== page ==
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Old 12-09-2006, 09:53 PM   #20
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I'm not a big fan of The Neverending Story (I loved Momo and Jim Knopf as a kid, but always found TNS to be a bit forced, as if the author wasn't quite able to believe in his creation), so I have a hard time seeing it as a dazzlingly original masterpiece.

It occurs to me that the original "two worlds" story is of course Lewis Caroll's "Through the Looking Glass". It may not have been the first, but it exerted tremendous influence on everything that followed.

Originally Posted by Simo Sakari Aaltonen View Post
There are numerous similarities, but the major ones that come to mind right now include:

The title. The Neverending Story. The Longest Journey. They couldn't call it neverending, so they called it really long instead, and a journey rather than story (it is a quest game).
Or Ursula Le Guin's "The Farthest Shore". Arkadia is arguably more similar to Earthsea than to Fantasia, especially in Dreamfall.

The twin worlds of Fantasia/Arcadia and harsh reality or science (called Stark in TLJ). What's happening to them and why. The big nothing or chaos (this really nails it for me) eating up the world of imagination.
I don't remember much of that from TLJ. Are you talking about Dreamfall as well? There doesn't seem to be a close parallel to The Balance in TNS.

The troubled father-child relationship. Dragons.
Dragons? Seriously?

The stories-within-stories theme.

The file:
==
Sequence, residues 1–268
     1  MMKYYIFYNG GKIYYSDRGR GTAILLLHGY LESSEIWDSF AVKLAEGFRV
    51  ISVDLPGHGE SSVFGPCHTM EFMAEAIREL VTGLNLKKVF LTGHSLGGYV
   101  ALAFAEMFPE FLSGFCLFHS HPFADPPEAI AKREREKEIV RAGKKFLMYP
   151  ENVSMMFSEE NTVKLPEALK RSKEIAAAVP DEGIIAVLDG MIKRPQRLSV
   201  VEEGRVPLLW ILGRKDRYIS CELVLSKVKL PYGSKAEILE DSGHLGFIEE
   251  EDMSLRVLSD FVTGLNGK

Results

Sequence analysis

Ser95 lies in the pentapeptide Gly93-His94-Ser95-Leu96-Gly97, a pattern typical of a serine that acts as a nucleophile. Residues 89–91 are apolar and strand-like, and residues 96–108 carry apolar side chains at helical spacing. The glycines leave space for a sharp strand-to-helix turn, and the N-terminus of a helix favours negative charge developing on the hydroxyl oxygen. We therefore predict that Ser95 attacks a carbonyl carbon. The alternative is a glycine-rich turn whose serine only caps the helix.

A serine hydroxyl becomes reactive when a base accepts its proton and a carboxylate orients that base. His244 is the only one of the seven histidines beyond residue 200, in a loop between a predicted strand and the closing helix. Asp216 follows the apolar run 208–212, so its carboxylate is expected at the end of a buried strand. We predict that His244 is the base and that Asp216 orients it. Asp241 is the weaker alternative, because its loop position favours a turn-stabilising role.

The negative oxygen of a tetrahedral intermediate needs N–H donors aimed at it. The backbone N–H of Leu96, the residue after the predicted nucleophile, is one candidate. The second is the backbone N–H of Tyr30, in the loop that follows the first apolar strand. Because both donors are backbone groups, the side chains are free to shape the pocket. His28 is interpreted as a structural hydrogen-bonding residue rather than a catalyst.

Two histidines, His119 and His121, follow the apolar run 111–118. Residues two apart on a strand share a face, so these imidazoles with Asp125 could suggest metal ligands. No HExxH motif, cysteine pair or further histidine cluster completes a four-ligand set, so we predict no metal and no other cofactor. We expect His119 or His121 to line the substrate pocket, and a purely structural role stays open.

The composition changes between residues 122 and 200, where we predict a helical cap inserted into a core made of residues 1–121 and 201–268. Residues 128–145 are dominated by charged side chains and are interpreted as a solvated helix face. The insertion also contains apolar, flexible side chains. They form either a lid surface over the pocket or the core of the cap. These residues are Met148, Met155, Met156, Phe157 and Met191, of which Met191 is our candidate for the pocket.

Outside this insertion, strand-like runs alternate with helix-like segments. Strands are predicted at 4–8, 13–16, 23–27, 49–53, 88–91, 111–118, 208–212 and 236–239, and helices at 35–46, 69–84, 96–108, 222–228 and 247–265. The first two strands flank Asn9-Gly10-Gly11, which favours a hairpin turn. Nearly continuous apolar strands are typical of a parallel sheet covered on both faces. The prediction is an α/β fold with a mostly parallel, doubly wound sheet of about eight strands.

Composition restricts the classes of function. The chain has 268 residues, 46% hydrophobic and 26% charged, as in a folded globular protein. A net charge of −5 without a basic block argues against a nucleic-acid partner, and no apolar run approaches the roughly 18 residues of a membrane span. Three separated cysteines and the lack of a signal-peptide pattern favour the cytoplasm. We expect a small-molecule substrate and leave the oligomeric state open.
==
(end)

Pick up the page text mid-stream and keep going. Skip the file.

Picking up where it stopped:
Again, maybe in Dreamfall, but not really a huge factor in TLJ (which uses only a simple framing device).

It's the whole premise, not just the twin-worlds setting. But I'm okay with anyone disagreeing with me on this, so I won't press the point further. I would have no problem with any of this except that TLJ seems to have nothing to add on the subject.

Taking a brilliant concept (and this applies to the topic in general) in order to develop it that much further would be perfectly fine (standing on the shoulders of giants as they say), but just taking the concept and doing less with it than the original, well, strikes me as pointless.

It's as if Mr Tørnquist wanted to tell a story that had already been told and couldn't escape the original's orbit. (In case there is any doubt, I enjoy many aspects of TLJ.)
Well, I think his decision to move the "regular world" part into the future and science fiction was quite clever (not that combining science fiction with fantasy is a radically new idea). And the idea (in Dreamfall) that we are controlled by how we dream strikes me as a pretty strong metaphor in the age of FOX News.

The concept is so well-used that it seems unlikely there would be much to add to it. Ragnar Tørnquist isn't so much standing on the shoulders of giants as on a heap of writers that came before him. Ende among them, but maybe not at the very top.
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